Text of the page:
Is that a tin cup I hear rattling?

Could I possibly pick a more inopportune time for a Fall Fundraiser? What with the on-purpose and with-malice-aforethought derailing of the Trump economic juggernaut via unnecessary lockdowns; widespread civil unrest and violence; open revolutionary maneuvering from the more treacherous of our two political parties, and such-like unprecedented national angst, mounting a successful fundraiser would seem to be an extremely dubious proposition at the very best. For anybody, much less me.

But needs must, alas. Among other calamitous modern problems currently dogging the Casa CF balance sheet, I have an automobile engine-swap that badly needs doing most ricky-tick, something I dasn’t tackle my own self—lacking as I do both the equipment and the upper-blody strength to pull the job off without ending up squished flatter than a Joe Biden speech, a Ford 2.0-liter i4 cuddling snugly atop my chest and/or skull. I’ll have to hire the job done, to my eternal shame and disgrace as a proud, lifelong gearhead.

On the brighter side, I’ve been checking the local salvage yards, and there are a few compatible junkyard-mills to be had for as little as three hundred bucks. These motors all come with the reassurance and peace of mind that only an ironclad thirty-day guarantee can bring, so assumedly aren’t cursed with any of the same broken timing chains, bent valves, and maybe even holed piston-domes that combined to leave me stranded and forlorn on northbound I-85’s Brookshire off-ramp just over a month ago.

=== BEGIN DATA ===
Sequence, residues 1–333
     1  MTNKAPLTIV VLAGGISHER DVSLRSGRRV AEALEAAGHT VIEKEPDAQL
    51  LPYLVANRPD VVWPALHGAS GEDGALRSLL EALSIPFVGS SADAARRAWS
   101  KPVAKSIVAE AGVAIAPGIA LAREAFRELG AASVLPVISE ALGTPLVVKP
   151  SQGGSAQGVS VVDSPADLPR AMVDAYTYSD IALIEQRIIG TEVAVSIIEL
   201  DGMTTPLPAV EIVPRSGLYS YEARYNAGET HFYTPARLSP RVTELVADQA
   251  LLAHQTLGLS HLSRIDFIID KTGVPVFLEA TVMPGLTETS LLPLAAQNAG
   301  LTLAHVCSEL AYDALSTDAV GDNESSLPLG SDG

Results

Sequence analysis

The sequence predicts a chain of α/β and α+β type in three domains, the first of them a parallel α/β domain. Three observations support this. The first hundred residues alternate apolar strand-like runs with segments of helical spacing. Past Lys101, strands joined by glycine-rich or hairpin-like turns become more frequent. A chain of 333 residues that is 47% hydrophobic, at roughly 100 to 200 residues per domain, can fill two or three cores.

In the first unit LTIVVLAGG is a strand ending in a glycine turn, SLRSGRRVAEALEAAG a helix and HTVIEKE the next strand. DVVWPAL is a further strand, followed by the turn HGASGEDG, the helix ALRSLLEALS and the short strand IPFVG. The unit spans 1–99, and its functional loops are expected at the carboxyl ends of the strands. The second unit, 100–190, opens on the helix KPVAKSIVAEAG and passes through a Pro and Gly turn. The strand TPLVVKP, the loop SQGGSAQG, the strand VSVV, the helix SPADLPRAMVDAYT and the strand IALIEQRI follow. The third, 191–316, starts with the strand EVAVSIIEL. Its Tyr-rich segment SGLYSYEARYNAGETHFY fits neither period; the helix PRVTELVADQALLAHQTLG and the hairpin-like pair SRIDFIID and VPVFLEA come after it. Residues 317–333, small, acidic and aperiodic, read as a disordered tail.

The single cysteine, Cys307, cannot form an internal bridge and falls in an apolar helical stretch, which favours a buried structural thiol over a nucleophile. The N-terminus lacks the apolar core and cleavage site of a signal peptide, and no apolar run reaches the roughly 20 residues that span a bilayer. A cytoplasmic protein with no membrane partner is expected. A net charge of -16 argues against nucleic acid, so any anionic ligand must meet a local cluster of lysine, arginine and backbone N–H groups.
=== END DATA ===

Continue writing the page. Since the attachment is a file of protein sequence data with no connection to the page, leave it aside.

So yeah, we’ll just plunge on ahead with Ye Olde CF Blogge’s Fall Begathon nonetheless, and be damned to omens heralding the possibility of a lackluster outing. I didn’t do a Spring fundie the last two years, an event that had been more or less of a regular thing in years previous. So what the heck, this one’s actually overdue when you really think about it, right?

The PayPal “Support” link over there in the right sidebar awaits whatever alms y’all generous souls might be able to scrounge up and toss into the battered ol’ hat, even the most miserly of which will be very humbly appreciated by Ye Olde Blogge Hoste. I’ll leave this announcement up top for the remainder of the week, and hope for the best. Thanks, gang!

The long, HARD way home

Ed links to the greatest road-trip article EVAR.

The car in question was a Nocturne Blue 1979 Pontiac Trans Am, complete with the WS6 handling package. It was a non-T-top car with stunning paint, a perfect Camel Tan vinyl interior, gold 15 x 8-inch “snowflake” wheels, and A/C, and it was located just a few hours from Chris’ home. Now, I’ve no doubt that when he forwarded me the classified listing, he knew his life was about to get complicated. I was 2,000 miles away in Northern California, while he was basically within walking distance. Friends, however, are friends, and when they’re good ones they’ll go above and beyond to help a buddy out.